The association of childhood trauma with sleep disturbances and risk of suicide in US veterans

Sharon Alter, Caroline Wilson, Shengnan Sun, Rachel E. Harris, Zhaoyu Wang, Amanda Vitale, Erin A. Hazlett, Marianne Goodman, Yongchao Ge, Rachel Yehuda, Hanga Galfalvy, Fatemeh Haghighi

Research output: Contribution to journalArticlepeer-review

10 Scopus citations


Background: Sleep dysregulation is prevalent among veterans and is associated with increased risk of suicidal ideation and behaviors. A confluence of risk factors have been identified to date that contribute to increase risk for suicidal behavior. How these risk factors including childhood trauma, comorbid psychopathology, impulsivity, and hostility together with sleep disturbance contribute to suicide risk remains an open question. These factors have never been examined simultaneously in a unified mediation model, as investigated in the present study, to determine their relative contribution to suicide risk. Methods: Veterans (N = 105) were recruited across 3-groups, including Major Depressive Disorder (MDD) with/without a history of a suicide attempt (n = 35 and n = 37, respectively), and non-psychiatric controls, who had no history of mental illness or suicidal behavior (n = 33). The participants were assessed using validated self-report assessments with in-depth phenotyping for relevant risk factors associated with suicidal behavior including childhood adversity, depression severity, impulsivity, hostility, and sleep quality. These factors were included in mediation models using path analysis. Results: Across all subjects including those with MDD and non-psychiatric controls, mediation analysis showed that higher levels of childhood trauma had an indirect effect on poor sleep quality (p = 0.001). This effect was orthogonal, being independently mediated by both MDD psychopathology (p = 0.003), and higher traits of impulsivity (p = 0.001) and hostility (p = 0.015). Amongst MDD veterans, childhood trauma was directly associated with increased suicide risk (p = 0.034), irrespective of their severity of depression, or their degree of hostility and impulsivity. Limitations: include use of self-report data, and the inability to establish causal inferences with cross-sectional design. Conclusion: Childhood adversity as a significant pre-deployment risk factor for disturbed sleep and elevated suicide risk, potentially important for incorporation in clinical practice for suicide.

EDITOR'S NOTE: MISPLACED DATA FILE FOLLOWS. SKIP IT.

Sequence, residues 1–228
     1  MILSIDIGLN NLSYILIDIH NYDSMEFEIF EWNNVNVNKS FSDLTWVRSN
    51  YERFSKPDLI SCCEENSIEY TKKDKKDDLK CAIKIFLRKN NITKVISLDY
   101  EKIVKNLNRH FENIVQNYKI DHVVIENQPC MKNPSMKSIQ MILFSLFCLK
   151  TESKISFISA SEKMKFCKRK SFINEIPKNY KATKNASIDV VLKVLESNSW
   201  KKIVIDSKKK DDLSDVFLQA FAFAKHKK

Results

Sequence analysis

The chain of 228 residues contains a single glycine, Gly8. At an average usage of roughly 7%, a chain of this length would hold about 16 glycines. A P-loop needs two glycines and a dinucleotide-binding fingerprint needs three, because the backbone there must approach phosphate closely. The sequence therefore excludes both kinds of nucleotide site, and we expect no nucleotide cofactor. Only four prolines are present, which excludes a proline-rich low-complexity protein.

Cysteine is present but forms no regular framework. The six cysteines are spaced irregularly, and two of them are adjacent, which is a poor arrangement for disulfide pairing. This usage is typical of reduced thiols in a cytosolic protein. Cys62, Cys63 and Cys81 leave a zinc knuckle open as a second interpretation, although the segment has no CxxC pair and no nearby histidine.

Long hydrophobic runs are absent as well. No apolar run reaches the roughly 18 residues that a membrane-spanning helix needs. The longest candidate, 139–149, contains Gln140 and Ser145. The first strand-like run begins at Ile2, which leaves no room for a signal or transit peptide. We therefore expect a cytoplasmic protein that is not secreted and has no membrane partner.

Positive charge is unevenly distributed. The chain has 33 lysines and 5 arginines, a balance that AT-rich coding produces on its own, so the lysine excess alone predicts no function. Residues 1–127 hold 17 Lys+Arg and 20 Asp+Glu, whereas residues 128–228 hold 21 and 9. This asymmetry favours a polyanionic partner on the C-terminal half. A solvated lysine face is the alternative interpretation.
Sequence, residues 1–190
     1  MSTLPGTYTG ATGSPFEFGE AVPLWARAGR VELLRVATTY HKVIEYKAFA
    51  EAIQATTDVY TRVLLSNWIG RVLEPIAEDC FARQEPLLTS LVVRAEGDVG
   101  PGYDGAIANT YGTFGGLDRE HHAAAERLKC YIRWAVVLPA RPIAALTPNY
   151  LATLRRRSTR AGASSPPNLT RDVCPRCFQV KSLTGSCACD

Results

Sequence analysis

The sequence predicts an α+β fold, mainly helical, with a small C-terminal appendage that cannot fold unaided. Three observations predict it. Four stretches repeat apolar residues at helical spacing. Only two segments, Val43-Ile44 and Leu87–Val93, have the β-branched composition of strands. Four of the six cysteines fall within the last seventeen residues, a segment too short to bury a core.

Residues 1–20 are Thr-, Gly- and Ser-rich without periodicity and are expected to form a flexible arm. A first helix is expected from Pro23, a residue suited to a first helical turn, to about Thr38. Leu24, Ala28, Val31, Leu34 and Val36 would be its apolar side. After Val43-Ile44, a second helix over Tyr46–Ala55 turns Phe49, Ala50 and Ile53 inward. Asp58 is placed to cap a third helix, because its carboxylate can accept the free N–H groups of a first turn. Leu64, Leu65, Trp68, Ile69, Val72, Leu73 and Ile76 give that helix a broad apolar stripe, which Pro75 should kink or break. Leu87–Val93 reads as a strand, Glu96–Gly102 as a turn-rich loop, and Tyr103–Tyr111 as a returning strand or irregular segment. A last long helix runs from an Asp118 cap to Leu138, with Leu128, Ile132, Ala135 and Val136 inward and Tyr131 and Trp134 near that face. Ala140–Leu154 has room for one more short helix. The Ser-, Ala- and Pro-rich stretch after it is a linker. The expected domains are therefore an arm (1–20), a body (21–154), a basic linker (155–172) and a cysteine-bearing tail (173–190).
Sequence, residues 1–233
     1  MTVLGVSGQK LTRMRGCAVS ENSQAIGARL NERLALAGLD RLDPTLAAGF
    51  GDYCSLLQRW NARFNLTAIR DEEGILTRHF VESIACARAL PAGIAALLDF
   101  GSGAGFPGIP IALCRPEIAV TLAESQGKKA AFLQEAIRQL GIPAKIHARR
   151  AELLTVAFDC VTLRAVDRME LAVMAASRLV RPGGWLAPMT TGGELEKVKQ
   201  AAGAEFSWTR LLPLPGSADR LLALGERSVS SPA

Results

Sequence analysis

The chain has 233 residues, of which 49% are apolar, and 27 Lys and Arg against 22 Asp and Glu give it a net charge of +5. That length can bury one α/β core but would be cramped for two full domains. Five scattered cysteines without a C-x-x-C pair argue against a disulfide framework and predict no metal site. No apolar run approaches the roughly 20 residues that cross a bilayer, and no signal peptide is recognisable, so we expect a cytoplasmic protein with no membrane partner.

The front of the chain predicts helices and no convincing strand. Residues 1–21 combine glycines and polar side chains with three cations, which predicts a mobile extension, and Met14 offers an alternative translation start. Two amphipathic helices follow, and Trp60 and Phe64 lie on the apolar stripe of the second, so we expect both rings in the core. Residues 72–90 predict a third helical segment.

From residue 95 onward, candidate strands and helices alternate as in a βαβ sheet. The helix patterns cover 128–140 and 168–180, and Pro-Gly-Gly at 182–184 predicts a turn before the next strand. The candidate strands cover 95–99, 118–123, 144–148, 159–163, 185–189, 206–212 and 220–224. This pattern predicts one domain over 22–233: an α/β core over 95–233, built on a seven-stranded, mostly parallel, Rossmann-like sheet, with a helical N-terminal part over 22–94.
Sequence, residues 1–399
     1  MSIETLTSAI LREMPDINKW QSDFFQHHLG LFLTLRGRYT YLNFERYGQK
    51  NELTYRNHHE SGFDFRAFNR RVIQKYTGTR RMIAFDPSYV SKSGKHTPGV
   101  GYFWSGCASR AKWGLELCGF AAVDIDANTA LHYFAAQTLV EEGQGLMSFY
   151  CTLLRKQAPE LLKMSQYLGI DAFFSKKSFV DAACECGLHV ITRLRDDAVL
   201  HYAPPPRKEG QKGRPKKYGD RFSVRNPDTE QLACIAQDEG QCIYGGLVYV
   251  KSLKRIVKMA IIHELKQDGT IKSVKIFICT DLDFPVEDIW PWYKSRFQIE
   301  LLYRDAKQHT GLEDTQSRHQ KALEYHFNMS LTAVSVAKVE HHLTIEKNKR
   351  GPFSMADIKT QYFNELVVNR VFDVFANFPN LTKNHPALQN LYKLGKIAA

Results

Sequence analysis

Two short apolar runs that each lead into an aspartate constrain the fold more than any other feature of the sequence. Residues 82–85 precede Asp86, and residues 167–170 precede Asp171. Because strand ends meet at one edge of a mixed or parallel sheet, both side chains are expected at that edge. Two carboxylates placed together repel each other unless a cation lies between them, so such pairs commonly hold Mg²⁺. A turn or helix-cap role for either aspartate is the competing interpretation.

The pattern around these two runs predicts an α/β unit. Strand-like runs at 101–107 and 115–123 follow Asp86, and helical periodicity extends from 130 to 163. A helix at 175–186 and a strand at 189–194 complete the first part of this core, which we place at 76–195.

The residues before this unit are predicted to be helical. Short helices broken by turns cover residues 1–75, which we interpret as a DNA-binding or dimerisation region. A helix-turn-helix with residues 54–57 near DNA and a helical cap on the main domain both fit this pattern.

Original languageEnglish
Pages (from-to)54-62
Number of pages9
JournalJournal of Psychiatric Research
StatePublished - Apr 2021


  • Childhood trauma
  • Hostility
  • Impulsivity
  • Major depressive disorder
  • Sleep
  • Suicide
  • Veteran


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